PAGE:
It’s time for an overhaul. And some downtime.
We here at the Nomadic Existence have decided that after nearly a year of sharing our travel experiences with you that we need to spruce things up a bit around here.
So that once our radio silence is finally broken we can share with you even more of our travel blogs on a, wait for it, new website!
And that’s not the half of it for during part of our hiatus we’ve been travelling up a storm and will soon have so many more stories to inspire you to explore, conserve and discover.
Till then keep on travelling and before you know it we’l be there waiting for you to share yours with us.
By Slippery Joe Lyzard ©
Photography: Nomadic Bug ©
Nomadic Existence 2015 ©
Explore. Conserve. Discover.
The pride and joy of Capetonians far and wide, Table Mountain is undeniably a landmark you couldn’t possibly miss. It is the city and is the foremost source of inspiration and pleasure most locals and foreigners alike draw on. Cape Town exists because of this and Table Mountain knows it. There are not a lot of places in the world that can boast such a natural wonder on their doorstep and this in turn puts Table Mountain at the top of our landmark series.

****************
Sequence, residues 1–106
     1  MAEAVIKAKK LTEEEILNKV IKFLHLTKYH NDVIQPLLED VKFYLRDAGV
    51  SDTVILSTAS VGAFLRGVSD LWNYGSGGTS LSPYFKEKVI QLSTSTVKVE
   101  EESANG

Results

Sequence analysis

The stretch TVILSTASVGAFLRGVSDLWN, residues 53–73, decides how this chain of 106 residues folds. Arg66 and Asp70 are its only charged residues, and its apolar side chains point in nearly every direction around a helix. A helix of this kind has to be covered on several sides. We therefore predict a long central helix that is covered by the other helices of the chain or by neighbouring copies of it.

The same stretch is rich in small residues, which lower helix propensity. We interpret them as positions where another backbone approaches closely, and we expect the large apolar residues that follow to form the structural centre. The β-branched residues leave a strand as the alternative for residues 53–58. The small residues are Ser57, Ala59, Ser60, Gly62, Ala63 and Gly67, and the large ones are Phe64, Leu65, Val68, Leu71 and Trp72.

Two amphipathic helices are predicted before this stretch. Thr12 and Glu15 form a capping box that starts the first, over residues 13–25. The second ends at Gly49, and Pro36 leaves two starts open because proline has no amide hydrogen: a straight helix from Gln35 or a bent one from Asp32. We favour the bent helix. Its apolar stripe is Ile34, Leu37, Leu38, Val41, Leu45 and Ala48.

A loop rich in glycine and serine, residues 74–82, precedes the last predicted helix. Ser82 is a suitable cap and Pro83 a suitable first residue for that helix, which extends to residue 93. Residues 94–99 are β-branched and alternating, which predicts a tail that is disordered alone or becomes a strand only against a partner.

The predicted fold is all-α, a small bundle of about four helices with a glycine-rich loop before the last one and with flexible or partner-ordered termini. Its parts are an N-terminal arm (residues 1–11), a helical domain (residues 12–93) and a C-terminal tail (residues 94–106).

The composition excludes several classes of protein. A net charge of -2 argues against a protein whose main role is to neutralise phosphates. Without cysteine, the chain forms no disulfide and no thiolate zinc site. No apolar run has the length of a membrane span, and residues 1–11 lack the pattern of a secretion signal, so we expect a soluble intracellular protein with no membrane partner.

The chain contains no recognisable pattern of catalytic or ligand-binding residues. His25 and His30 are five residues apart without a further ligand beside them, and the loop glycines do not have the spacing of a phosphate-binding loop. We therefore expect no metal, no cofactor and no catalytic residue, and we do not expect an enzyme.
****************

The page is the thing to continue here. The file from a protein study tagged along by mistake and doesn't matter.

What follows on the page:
In-between the hustle and bustle of street pedlars, African curios and every tourist inspired souvenir stall you can think of. Lies a piece of history, mostly forgotten and presumed dead. It once served a purpose but like most things couldn’t keep up with the times and was slowly, painfully erased from the-annuls of history. But in an effort to grace it with some of its former glory we’ve inducted the Green Market Square Water Fountain into our landmark series.
Sex, what can be said about it. Well other than the fact it’s a completely natural part of the human experience its also, generally speaking, a rather popular taboo. That is more often than not regulated to being nothing more than a “no go area”. Would it then, in some shape or form, be fitting to say that Ronnies sex Shop has in some way benefited from this belief system? Or on the other hand could it be nothing more than a case of stopping at a roadside bar for a beer? Either way works but nonetheless Ronnies sex Shop is an unequaled addition to our Landmark series.
Kimberley’s big hole is a title most people would be embarrassed to say out load (especially if it had any merit in the anatomical sense that is). And in Afrikaans sounds even more visceral, “Kimberley se groot gat”. But all things aside the “gat” or “hole”, once a world famous diamonds mine, is still a testament to man’s ambition to find treasure. Making “the big hole” of Kimberley an indispensable addition to our Landmark series.
In some circles the title above could be misinterpreted to being a chant of adulation for the King of Rock & Roll; the one and only Elvis. But this past Monday the chants were for an actual King akin to a character in fairy-tale read to you by your parents as a child.